What is the emotional effect of the refrain's variation in the fifth stanza of "Lord Randall"?
For five stanzas of the Scottish folk ballad "Lord Randall," the poor young man in the narrative ends his short conversation with his mother with this line:
For I'm wearied wi huntin, and fain wad lie down.
In those five stanzas, we learn that he has lost his hawk and his hounds. It is in the fifth stanza that we learn that the woman he loves fed him fried eels and tried to poison him; we know this because he gave some to his hawk and his hounds and they promptly died.
The sixth stanza begins with his mother telling him he has been poisoned (which he already knows) and ends with a new refrain:
For I'm sick at the heart, and fain wad lie down.
The emotional impact of this change is that we understand his heavy heart at having been deceived and tricked by someone he loves; knowing that she tried to kill him is even more devastating both to him and to us. He is not just tired from hunting; he is heartsore because his true love betrayed him.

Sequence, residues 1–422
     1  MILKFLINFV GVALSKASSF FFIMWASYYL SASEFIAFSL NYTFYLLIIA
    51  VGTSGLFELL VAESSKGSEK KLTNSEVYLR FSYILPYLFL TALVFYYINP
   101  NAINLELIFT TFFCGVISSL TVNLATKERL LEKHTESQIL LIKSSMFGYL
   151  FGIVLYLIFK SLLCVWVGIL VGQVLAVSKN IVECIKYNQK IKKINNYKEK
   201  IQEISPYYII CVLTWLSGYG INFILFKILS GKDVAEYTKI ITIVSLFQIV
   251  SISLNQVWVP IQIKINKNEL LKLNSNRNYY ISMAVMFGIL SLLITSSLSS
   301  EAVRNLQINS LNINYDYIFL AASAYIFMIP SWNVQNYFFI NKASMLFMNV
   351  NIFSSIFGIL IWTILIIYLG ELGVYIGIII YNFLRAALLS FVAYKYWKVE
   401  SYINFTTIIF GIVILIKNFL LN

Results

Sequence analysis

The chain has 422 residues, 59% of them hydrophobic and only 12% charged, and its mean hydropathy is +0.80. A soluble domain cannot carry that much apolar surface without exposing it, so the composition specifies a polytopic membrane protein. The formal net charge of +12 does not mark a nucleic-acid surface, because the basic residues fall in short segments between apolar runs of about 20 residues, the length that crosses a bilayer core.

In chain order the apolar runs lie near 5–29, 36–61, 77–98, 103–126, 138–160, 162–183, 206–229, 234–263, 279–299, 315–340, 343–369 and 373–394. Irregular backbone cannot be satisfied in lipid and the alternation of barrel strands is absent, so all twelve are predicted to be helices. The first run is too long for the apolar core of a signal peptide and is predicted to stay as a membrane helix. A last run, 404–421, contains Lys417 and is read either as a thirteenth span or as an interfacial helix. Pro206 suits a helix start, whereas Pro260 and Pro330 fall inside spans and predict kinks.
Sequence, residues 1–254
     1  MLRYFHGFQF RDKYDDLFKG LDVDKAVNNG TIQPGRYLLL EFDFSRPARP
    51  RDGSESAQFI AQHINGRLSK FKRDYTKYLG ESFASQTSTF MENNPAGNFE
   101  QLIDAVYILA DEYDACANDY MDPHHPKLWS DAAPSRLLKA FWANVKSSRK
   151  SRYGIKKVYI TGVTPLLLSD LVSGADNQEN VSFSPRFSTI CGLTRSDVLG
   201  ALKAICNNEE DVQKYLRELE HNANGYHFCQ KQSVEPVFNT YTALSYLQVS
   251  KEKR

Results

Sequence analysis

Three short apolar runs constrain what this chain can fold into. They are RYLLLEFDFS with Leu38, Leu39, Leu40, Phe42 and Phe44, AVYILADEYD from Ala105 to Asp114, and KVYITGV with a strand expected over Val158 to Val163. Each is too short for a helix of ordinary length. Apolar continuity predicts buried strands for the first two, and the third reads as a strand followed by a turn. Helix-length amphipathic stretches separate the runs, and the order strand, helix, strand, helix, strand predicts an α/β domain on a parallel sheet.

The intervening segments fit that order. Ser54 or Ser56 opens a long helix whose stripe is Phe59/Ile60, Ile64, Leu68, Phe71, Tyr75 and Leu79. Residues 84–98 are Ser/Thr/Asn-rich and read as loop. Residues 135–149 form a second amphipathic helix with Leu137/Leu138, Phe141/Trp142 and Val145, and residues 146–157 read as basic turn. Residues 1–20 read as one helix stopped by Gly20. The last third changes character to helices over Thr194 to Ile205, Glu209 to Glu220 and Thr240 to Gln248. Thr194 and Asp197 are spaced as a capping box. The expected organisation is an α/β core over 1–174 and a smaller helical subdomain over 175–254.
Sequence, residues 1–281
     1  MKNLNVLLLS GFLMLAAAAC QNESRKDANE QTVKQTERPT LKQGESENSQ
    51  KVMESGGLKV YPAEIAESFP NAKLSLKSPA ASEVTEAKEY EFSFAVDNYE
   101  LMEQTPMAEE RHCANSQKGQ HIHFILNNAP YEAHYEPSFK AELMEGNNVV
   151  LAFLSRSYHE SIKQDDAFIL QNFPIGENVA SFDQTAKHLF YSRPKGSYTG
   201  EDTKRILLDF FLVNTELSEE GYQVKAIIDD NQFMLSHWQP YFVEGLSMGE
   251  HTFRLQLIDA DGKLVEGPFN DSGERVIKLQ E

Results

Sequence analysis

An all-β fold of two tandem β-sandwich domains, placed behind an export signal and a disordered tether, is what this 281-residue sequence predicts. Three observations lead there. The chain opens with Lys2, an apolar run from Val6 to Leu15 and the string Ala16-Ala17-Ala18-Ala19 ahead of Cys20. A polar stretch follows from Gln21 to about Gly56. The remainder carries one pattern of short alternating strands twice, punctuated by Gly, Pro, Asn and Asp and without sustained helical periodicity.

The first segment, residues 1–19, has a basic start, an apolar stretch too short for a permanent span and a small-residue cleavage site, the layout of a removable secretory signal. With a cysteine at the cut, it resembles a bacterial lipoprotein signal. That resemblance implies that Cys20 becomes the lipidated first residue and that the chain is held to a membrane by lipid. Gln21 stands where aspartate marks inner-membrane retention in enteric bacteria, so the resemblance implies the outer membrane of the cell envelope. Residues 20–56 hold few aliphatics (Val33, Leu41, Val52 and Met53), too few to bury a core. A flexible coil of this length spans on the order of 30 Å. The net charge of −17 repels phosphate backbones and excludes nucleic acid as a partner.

His mother continues with her questioning, asking her son what he is going to do about it. None of his answers make him happy, as he knows he is going to die, and we are not allowed to forget that as we read that final line over and over again. Finally, his mother finishes her questions by asking what he is going to leave to his "true love." He does not even have the energy to express the great bitterness he must feel. He just says:
"I leave her hell and fire; mother mak my bed soon,
For I'm sick at the heart, and I fain wad lie down."
His heart's sickness and his body's sickness are going to kill him.